In part one, we built a simple app which drew 2 charts from the same data source, one of which allows user interaction, the other of which has an overlay which displays which region of the entire data set the main chart is currently displaying. If you haven’t read/skimmed it I reckon this post will make a lot more sense if you do that first. It’s pretty long, but is pretty approachable.
The first post laid a lot of the ground work upon which we can build cool things. We’ve got some data and some charts, and a range selector annotation. In this post we’re going to allow users to interact with the range annotation - so that dragging it will update the range displayed within the main chart. Cool, let’s get on it.
Interacting with the range selector
We have already created a class to manage the range annotation, and most of the
work we’re going to be doing will be within that class. We want to be able to get
a user to interact with annotation, and usually in iOS we’d use gesture recognisers.
SChartAnnotation is a subclass of
UIView, so all the gesture
magic we get from iOS we can use ourselves.
Our first interaction will be the ability for a user to drag the range annotation along the range of the x-axis - using a pan gesture. The concept is simple - we will add an invisible annotation to represent the selected range, and add a gesture recogniser - however, there are a few nuances which we will have to address as we go.
Let’s get started with creating the invisible annotation:
We’ve added a new ivar to keep hold of our new annotation, and then we’ve created the annotation itself. We also update the limits of the annotation in our API method which is called when the user interacts with the main chart.
You might however have noticed that we aren’t creating this annotation in the
same way we have created the lines and the shaded regions. We have instead created
SChartAnnotation subclass instead, and this is due to the way in which
annotations work internally.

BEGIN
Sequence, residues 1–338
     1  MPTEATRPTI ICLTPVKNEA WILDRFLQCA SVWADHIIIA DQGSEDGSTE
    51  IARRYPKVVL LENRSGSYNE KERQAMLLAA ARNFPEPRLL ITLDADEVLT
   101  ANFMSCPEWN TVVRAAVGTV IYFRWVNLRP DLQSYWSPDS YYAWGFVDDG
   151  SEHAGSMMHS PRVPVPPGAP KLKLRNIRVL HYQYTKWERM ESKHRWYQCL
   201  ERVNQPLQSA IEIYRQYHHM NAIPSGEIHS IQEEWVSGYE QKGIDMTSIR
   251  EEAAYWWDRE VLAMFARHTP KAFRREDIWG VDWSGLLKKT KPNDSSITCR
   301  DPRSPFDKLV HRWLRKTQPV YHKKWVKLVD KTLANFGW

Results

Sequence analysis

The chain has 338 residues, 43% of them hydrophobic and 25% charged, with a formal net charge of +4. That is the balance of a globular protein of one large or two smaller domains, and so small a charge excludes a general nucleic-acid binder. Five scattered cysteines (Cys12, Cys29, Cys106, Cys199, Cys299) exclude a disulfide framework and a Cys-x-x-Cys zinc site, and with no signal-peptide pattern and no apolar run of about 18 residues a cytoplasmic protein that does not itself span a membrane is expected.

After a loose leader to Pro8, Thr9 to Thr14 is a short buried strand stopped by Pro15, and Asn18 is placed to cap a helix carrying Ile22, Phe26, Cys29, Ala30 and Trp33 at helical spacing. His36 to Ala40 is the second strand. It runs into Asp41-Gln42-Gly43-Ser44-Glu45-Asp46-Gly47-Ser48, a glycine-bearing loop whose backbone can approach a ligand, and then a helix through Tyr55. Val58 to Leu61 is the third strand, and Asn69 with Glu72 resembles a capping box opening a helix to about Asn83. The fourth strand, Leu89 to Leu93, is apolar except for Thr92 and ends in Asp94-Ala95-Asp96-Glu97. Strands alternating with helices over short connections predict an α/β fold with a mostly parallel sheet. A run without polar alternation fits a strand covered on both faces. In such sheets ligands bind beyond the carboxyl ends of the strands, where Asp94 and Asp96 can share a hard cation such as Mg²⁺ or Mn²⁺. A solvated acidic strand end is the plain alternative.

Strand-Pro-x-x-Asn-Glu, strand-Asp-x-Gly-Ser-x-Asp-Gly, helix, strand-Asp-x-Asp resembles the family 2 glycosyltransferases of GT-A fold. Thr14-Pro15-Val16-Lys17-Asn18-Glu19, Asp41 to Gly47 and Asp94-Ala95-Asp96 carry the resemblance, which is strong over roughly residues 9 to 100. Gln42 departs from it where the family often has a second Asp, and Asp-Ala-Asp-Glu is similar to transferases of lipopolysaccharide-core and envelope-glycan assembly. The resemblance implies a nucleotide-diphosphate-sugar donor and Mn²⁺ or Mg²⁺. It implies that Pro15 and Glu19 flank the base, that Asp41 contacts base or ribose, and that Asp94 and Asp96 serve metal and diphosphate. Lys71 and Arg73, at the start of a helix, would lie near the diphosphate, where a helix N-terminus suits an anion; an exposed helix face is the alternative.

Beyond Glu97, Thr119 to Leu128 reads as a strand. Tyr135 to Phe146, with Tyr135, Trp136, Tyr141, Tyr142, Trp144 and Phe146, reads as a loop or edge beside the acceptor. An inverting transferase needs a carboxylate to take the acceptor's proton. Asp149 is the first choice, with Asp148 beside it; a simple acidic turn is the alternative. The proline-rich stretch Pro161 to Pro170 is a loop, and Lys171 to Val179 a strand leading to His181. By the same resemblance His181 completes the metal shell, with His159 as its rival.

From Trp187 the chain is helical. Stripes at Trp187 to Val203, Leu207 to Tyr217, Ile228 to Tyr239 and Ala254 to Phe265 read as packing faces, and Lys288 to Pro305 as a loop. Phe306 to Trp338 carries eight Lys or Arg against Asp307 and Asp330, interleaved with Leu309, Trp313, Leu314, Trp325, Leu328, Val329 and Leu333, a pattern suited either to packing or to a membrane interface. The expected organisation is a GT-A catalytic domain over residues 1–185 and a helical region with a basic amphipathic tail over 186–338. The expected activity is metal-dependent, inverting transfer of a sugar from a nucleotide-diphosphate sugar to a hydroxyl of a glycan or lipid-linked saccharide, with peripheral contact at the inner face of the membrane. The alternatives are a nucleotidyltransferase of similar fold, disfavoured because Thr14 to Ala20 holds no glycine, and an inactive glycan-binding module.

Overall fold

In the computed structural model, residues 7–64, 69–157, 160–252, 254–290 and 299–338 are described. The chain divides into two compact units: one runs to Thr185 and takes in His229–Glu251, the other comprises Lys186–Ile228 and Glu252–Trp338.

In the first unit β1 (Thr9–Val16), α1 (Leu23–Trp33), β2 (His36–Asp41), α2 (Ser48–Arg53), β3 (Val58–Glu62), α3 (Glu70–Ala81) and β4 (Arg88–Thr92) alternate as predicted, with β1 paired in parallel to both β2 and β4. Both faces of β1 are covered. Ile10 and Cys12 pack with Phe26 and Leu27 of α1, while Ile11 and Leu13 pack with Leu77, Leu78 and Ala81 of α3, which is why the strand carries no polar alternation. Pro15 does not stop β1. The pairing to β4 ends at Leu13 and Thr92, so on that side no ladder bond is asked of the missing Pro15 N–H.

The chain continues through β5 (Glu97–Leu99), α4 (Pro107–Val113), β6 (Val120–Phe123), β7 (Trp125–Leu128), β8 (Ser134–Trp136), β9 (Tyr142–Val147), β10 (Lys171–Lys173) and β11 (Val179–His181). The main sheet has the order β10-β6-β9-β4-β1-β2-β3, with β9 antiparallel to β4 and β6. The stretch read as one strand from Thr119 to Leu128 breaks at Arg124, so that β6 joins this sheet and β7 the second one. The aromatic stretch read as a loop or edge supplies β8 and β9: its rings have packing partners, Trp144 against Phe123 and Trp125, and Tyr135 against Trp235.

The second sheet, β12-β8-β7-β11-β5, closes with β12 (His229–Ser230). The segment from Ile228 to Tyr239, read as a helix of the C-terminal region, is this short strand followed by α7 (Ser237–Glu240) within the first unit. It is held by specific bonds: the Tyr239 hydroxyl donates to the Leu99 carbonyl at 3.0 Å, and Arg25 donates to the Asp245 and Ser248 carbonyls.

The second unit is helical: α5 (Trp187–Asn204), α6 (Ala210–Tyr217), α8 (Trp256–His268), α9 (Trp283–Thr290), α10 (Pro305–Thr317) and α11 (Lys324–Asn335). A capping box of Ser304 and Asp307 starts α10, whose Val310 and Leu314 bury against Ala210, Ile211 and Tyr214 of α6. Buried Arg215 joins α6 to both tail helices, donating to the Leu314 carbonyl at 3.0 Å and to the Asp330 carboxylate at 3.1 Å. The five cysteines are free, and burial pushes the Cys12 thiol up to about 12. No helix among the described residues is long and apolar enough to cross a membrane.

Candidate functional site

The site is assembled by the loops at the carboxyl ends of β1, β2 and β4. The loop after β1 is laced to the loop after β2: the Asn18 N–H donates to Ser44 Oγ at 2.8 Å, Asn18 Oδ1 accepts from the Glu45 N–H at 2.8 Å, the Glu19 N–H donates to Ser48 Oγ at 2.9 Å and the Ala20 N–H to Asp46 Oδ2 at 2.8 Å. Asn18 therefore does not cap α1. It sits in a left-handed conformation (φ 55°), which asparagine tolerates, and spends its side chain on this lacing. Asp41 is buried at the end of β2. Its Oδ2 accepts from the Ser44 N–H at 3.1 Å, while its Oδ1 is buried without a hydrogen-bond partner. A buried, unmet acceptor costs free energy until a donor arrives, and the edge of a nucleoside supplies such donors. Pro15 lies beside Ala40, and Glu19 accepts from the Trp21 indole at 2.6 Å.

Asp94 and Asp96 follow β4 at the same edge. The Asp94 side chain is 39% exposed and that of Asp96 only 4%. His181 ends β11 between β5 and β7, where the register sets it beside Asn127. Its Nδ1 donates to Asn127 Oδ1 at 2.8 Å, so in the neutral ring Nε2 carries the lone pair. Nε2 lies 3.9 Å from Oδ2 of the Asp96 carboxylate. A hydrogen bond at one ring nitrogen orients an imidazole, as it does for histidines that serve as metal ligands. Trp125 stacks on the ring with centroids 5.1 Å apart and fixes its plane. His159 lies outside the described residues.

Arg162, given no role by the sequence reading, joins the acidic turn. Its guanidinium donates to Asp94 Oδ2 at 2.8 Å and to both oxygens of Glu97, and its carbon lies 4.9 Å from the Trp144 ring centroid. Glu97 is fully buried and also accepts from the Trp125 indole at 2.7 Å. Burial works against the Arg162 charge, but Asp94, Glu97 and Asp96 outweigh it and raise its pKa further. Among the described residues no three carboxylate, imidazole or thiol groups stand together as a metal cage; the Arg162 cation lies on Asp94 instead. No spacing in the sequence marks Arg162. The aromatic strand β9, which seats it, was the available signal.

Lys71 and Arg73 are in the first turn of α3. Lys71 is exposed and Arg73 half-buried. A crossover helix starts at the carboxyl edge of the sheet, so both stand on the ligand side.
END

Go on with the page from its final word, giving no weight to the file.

When an annotation is created, it is generally created with a size of 1x1. Then,
when the annotations size is required to change, it has its
updated with an appropriate affine transform to get it to display as required.
This works great for general annotations, but it has the side-effect that a pan
gesture recogniser won’t get triggered within it - the most you can drag is 1pt
- not enough to be recognised as a pan. Therefore we create our own subclass of
SChartAnnotationZoomingwhich will change this behaviour:
The constructor has the arguments we need to set up the
superclass, which is as expected:
Then we need to override 2
setTransform: is called by the
ShinobiCharts framework when the x and y limit values associated with the
annotation are changed, or when the chart is zoomed. Only the former of these
situations applies to us here, and since we are displaying a completely transparent
view (remember it is only there as a gesture target) we prevent the transform from
being set, and instead change the frame size. This is actually really simple, and
doesn’t require any clever calculation. If we were displaying something in our
annotation, and allowing chart zooming, then we would have to think about this in
more detail, but the following is fine for now:
The other method we override is
layoutSubviews, and we do this to ensure that
the height of our annotation is the same as the y-axis. We do this in this method
to ensure that if our chart changes size then the annotation will scale vertically
Now that we’ve got our invisible annotation as a touch target, we can add the a pan gesture: